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Liberating the Gospels
Reading the Bible with Jewish Eyes
Bishop John Shelby Spong  

In this boldest book since Rescuing the Bible from Fundamentalism, Bishop John Shelby Spong offers a compelling
view of the Gospels as thoroughly Jewish tests.Spong powerfully argues that many of the key Gospel accounts of
events in the life of Jesus -- from the stories of his birth to his physical resurrection -- are not literally true. He offers
convincing evidence that the Gospels are a collection of Jewish midrashic stories written to convey the significance
of Jesus.

This remarkable discovery brings us closer to how Jesus was really understood in his day and should be in ours.
Building upon his earlier conclusions that Jesus' Jewishness is the key to understanding Jesus' life and work (This
Hebrew Lord), Spong contends that the failure to read the Gospels as fundamentally Jewish impoverishes many
traditional Christian readings.

Tracing the history of New Testament interpretation, Spong demonstrates the tendencies among Christian
interpreters to read the Gospels as documents addressing primarily an audience of Greek Gentile Christians rather
than as narratives connected to the broader history of Judaism.

Spong relies on a wide range of New Testament scholarship to argue that the form and content of the Gospels
reflects not Greek influence or concerns but a peculiarly Jewish outlook on matters of religion and culture. Thus, for
Spong, the Gospels are neither objective accounts of historical events nor biographies of Jesus but midrashim, or
interpretive narratives, connecting the life and work of Jesus of Nazareth to the history, literature and religion of

For example, he isolates the symbolic roles that certain characters from the Hebrew Bible, like Elijah and Joseph,
play in transmitting the story of Jesus to a Jewish audience. While Spong's conclusions about the value of reading
the Gospels through Jewish lenses are neither new nor exciting, his forceful readings of the Gospels and his
imaginative speculations about biblical figures are sure to provoke heated discussion among Christian interpreters.

Other Reviews:

Harvey Cox, Thomas Professor of Divinity, Harvard University: "Bishop Spong’s work is a significant

Rabbi Jack D. Spiro, director, Virginia Commonwealth University Center for Judaic Studies "Compelling,
controversial, substantive, provocative, and original…remarkably convincing."

Rodger Kamenetz, New York Times Magazine: "Spong argues...that the 'Jewish books' that narrate Jesus' life must
be understood more as midrashic literature than historical accounts."

Booklist  "The Bible has, of course, been read with Jewish eyes from the moment it was written: it is a Jewish book.
But Liberating the Gospels is a Christian book; and Spong, bishop of the Episcopal diocese of Newark, New Jersey,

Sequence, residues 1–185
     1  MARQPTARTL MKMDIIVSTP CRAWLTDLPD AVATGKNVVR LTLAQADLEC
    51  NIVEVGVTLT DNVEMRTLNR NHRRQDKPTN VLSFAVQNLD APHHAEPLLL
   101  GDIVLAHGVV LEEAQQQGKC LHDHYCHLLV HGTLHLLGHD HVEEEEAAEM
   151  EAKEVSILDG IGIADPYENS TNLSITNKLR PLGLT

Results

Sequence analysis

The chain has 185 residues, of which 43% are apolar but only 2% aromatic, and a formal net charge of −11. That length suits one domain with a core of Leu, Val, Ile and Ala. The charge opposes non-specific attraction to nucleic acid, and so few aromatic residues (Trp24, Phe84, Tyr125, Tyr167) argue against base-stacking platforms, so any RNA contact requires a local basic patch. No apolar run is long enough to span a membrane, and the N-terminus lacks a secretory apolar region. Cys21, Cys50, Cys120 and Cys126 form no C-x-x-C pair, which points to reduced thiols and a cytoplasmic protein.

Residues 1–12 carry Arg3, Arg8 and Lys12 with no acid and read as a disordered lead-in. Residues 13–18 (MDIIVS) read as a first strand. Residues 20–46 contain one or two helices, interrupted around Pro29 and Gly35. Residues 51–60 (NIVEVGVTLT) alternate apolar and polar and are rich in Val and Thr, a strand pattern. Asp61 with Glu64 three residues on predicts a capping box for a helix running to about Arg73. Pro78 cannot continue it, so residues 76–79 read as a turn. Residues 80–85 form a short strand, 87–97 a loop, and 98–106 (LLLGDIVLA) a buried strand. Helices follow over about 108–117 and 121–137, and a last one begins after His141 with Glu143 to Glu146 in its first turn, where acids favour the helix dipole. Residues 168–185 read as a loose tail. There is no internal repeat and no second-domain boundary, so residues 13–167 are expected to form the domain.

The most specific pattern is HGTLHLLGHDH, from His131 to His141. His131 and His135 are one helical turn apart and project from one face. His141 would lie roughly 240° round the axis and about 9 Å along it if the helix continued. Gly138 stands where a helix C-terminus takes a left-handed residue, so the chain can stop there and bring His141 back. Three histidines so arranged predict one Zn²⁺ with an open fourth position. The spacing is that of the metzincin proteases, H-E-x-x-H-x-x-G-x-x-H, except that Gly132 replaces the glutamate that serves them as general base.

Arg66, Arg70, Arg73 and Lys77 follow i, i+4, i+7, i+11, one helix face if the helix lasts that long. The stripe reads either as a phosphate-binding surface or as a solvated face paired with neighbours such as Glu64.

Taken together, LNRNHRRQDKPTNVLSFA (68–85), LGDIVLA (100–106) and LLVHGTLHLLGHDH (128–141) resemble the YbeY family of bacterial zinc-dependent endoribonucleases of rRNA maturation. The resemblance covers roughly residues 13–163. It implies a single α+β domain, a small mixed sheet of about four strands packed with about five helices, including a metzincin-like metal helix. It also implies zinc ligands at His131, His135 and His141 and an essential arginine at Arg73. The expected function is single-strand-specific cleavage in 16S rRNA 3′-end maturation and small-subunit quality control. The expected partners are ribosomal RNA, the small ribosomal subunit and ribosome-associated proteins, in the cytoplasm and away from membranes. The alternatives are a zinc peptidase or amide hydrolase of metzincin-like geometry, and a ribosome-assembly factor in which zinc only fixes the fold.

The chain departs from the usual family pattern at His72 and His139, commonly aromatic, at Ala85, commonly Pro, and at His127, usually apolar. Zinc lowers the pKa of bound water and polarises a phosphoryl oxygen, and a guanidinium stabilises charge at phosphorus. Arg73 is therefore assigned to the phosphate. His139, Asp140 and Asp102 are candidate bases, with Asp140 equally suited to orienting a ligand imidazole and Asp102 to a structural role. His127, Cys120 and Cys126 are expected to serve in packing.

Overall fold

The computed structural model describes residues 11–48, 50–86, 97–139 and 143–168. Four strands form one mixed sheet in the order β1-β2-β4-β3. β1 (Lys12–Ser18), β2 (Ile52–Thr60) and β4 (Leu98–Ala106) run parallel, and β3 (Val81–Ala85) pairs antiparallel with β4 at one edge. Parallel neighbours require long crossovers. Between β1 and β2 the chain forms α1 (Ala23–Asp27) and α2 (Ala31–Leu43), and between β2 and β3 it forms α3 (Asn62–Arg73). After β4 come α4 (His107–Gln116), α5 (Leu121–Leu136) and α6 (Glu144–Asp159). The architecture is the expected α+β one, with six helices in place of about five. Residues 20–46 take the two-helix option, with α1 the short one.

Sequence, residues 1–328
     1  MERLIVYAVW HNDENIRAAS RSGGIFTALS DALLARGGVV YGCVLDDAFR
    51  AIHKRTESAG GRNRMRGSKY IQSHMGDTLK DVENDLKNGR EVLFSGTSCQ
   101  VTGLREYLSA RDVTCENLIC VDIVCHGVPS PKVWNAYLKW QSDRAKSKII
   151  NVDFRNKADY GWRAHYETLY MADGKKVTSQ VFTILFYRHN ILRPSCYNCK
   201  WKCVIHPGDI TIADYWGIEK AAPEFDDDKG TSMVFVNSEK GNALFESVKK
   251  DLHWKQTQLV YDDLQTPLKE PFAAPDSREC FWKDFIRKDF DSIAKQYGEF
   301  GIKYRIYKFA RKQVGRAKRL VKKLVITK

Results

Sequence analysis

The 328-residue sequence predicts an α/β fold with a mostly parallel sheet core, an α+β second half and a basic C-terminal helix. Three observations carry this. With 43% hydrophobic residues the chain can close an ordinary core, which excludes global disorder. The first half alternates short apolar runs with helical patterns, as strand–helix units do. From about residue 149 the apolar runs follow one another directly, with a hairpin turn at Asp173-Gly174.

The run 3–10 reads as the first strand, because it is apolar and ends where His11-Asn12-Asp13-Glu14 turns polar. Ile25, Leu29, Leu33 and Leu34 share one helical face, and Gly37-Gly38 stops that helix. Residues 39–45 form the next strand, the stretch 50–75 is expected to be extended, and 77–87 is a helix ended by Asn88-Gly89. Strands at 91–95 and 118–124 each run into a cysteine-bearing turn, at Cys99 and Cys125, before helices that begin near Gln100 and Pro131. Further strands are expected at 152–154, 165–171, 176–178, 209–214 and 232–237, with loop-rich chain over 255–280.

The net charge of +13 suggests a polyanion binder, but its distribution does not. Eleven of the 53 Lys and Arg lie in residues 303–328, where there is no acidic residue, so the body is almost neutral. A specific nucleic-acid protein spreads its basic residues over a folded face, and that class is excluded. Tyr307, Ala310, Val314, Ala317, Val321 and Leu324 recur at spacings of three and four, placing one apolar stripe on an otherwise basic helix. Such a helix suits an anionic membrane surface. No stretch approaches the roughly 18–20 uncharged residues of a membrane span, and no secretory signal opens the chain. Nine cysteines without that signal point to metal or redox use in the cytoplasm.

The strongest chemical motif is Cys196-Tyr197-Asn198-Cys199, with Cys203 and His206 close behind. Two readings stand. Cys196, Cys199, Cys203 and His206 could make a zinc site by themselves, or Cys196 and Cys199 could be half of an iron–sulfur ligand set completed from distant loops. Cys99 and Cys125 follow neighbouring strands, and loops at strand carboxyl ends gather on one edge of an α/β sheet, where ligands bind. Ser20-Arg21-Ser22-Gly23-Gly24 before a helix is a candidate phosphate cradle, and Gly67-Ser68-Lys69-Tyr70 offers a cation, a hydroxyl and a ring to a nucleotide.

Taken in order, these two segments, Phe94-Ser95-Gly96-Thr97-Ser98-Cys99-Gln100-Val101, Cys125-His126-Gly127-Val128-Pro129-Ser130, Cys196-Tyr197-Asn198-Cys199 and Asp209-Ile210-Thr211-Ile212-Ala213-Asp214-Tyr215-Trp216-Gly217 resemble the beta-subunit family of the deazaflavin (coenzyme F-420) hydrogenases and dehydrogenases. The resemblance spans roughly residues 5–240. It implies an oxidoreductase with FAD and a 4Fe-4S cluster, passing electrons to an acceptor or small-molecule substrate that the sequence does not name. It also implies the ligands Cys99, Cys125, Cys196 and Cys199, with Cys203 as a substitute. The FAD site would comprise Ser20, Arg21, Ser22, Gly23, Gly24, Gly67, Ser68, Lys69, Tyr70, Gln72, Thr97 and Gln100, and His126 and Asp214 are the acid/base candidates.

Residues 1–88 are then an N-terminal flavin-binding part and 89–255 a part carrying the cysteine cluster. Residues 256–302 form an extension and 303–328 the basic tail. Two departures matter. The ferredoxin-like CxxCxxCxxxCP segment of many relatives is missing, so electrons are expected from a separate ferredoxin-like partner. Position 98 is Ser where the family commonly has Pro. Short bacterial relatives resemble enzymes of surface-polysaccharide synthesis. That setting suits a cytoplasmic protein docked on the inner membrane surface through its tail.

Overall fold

urges his Christian audience to remember that the book they call the New Testament was written almost entirely by
Jewish authors for an audience that was initially almost entirely Jewish, an audience to whom it would not have
occurred to think of the Bible (the 'Law' and the 'Prophets' ) as anything but Jewish.... [This] will be surprising to
many readers, and that is sure to sustain the aura of controversy surrounding Bishop Spong's prolific writing."

Harvey Cox, Harvard University: "Bishop Spong's work is a significant accomplishment. It takes the most recent
and reliable scholarly research on the Gospels and interprets it for a lay public in an understandable and highly
readable way."

Kirkus Reviews "Maverick Episcopal bishop Spong argues that to take the Gospels as literal history is to miss their
essential point. In recent years Spong has gained notoriety for his unorthodox views on doctrine and sexual
morality. Here he reproduces the ideas he put forward in Resurrection, arguing that the Gospels are not historical
narratives but exercises in midrash, a Jewish genre of biblical exegesis. Spong takes midrash beyond its narrower
Jewish definition to mean a method in which biblical themes are interwoven in order to describe things beyond
ordinary human experience and language. Nearly 2,000 years of anti-Semitism have blinded Christians to both the
Jewishness of Jesus and the 'midrashic' nature of the Gospels. According to Spong, for example, the account of the
Sermon on the Mount is really a device to show Jesus as the new Moses, while the feeding of the multitudes is a
way of bringing Elijah and Elisha material into the story of Jesus. Spong hopes to break the impasse between
fundamentalists who believe that the Gospels are literally true history and liberals who reject miracles and the
supernatural as projections of a pre-scientific mentality."

David Rosenberg, co-author and translator of The Book of J: "One doesn't have to agree with all of John Shelby
Spong's startling assertions to be drawn thrillingly close by him to the original authors of the Gospels. Spong
responds to their acts of writing with inspired acts of reading. By absorbing the tradition of Jewish midrash, Spong
turns the act of reading into an act of love."

About the Author:

John Shelby Spong was the Episcopal bishop of Newark before his retirement in 2000. As a leading spokesperson
for an open, scholarly, and progressive Christianity, Bishop Spong has taught at Harvard and at the Graduate
Theological Union in Berkeley, California. He is the author of many books, including A New Christianity for a New
World and Why Christianity Must Change or Die.
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